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Author Notes:

E-mail: cjclark@umn.edu

Conceived and designed the experiments: CJC SER AA RAS SSB MDR IWB JEC RK SFS.

Analyzed the data: CJC AA RAS JEC.

Contributed reagents/materials/analysis tools: MDR SFS SSB RK.

Wrote the paper: CJC RAS.

Dr. Cari Jo Clark had full access to all of the data in the study and takes responsibility for the integrity of the data and the accuracy of the data analysis.

This research uses data from Add Health, a program project directed by Kathleen Mullan Harris and designed by J. Richard Udry, Peter S. Bearman, and Kathleen Mullan Harris at the University of North Carolina at Chapel Hill.

Special acknowledgment is due Ronald R. Rindfuss and Barbara Entwisle for assistance in the original design.

Information on how to obtain the Add Health data files is available on the Add Health website (http://www.cpc.unc.edu/addhealth).

The funders had no role in study design, data collection and analysis, decision to publish, or preparation of the manuscript.

The content is solely the responsibility of the authors and does not necessarily represent the official views of the NIH or the Centers for Disease Control and Prevention.

The authors have declared that no competing interests exist.

Subjects:

Research Funding:

Research reported in this publication was supported by the National Center for Advancing Translational Sciences of the National Institutes of Health (NIH), Award Number 8UL1TR000114-02 (Drs. Clark and Connett).

Dr. Clark was additionally funded in part by grant number R03HD068045-02 from the Eunice Kennedy Shriver National Institute of Child Health and Human Development.

Dr. Resnick was supported in part by Cooperative Agreement Number 5U48DP001939 from the Centers for Disease Control and Prevention.

Dr. Everson-Rose was supported in part by grant 1P60MD003422 from the National Institute on Minority Health and Health Disparities.

Additional support was provided by the Program in Health Disparities Research and the Applied Clinical Research Program (Drs. Clark and Dr. Everson-Rose) at the University of Minnesota.

The National Longitudinal Study of Adolescent Health was funded by grant P01-HD31921 from the Eunice Kennedy Shriver National Institute of Child Health and Human Development, with cooperative funding from 23 other federal agencies and foundations.

Keywords:

  • Science & Technology
  • Multidisciplinary Sciences
  • Science & Technology - Other Topics
  • PHYSICAL HEALTH CONSEQUENCES
  • ACUTE PSYCHOSOCIAL STRESS
  • SEX-DIFFERENCES
  • HELP-SEEKING
  • WOMEN
  • AMERICAN
  • PREVENTION
  • REACTIVITY
  • DISEASE
  • FORMS

Effect of Partner Violence in Adolescence and Young Adulthood on Blood Pressure and Incident Hypertension

Tools:

Journal Title:

PLoS ONE

Volume:

Volume 9, Number 3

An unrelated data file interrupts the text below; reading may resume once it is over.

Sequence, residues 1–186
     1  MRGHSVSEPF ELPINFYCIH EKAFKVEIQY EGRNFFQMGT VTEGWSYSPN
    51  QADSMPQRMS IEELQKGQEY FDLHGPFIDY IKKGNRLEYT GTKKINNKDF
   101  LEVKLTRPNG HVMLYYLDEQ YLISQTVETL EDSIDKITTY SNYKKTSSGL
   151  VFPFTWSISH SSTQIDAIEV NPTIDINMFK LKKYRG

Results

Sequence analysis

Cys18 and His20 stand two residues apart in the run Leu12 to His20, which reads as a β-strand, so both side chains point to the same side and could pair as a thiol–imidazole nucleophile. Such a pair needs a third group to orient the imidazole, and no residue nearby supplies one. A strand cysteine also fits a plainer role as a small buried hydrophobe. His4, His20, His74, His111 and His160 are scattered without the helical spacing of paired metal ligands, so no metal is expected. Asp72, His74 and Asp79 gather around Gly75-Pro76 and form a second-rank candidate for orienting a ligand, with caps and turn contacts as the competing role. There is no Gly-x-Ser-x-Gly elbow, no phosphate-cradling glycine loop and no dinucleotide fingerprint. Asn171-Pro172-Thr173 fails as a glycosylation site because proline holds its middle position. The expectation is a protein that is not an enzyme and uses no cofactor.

Publisher:

, Pages e92204-e92204

Type of Work:

Article | Final Publisher PDF

Abstract:

Intimate partner violence has adverse health consequences, but little is known about its association with hypertension. This study investigates sex differences in the relationship between intimate partner violence and blood pressure outcomes. Data included 9,699 participants from waves 3 (2001-02) and 4 (2008-09) of the National Longitudinal Study of Adolescent Health (51% female). Systolic (SBP) and diastolic (DBP) blood pressure and incident hypertension (SBP≥140 mmHg, DBP≥90 mmHg, or taking antihypertensive medication) were ascertained at wave 4. Intimate partner violence was measured at wave 3 with 8 items from the revised Conflict Tactics Scales. Separate victimization and perpetration scores were calculated. Sex-specific indicators of severe victimization and perpetration were created using the 66th percentile among those exposed as a cut point. Sex-specific, linear and logistic regression models were developed adjusting for age, race, financial stress, and education. Thirty-three percent of men and 47% of women reported any intimate partner violence exposure; participants were categorized as having: no exposure, moderate victimization and / or perpetration only, severe victimization, severe perpetration, and severe victimization and perpetration. Men experiencing severe perpetration and victimization had a 2.66 mmHg (95% CI: 0.05, 5.28) higher SBP and a 59% increased odds (OR: 1.59, 95% CI: 1.07, 2.37) of incident hypertension compared to men not exposed to intimate partner violence. No other category of violence was associated with blood pressure outcomes in men. Intimate partner violence was not associated with blood pressure outcomes in women. Intimate partner violence may have long-term consequences for men's hemodynamic health. Screening men for victimization and perpetration may assist clinicians to identify individuals at increased risk of hypertension.

Copyright information:

© 2014 Clark et al.

This is an Open Access work distributed under the terms of the Creative Commons Attribution 4.0 International License (https://creativecommons.org/licenses/by/4.0/).
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